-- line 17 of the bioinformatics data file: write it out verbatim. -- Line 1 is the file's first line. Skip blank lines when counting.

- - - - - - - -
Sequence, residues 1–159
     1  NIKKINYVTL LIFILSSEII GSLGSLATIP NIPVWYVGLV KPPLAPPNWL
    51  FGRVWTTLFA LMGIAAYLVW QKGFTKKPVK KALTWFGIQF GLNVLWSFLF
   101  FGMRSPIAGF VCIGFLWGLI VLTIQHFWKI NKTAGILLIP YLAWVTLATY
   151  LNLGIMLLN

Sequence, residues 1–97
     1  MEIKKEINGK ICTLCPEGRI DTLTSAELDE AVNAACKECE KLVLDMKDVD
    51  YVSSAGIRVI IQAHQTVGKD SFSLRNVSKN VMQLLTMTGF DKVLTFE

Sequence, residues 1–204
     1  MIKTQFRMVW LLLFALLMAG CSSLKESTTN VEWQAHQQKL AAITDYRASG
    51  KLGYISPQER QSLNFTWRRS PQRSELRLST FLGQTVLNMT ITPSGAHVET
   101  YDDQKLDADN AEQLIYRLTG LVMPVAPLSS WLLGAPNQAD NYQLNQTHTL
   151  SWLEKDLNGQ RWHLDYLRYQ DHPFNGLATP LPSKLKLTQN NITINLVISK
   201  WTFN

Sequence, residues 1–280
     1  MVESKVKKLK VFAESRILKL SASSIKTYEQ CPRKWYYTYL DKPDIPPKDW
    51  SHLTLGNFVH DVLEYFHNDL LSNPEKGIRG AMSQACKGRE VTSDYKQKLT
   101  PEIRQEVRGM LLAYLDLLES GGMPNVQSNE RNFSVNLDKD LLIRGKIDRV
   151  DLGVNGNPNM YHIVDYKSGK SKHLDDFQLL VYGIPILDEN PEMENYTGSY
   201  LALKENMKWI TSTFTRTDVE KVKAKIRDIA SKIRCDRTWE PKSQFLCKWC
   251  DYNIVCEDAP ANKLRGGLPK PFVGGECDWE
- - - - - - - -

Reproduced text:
    51  SHLTLGNFVH DVLEYFHNDL LSNPEKGIRG AMSQACKGRE VTSDYKQKLT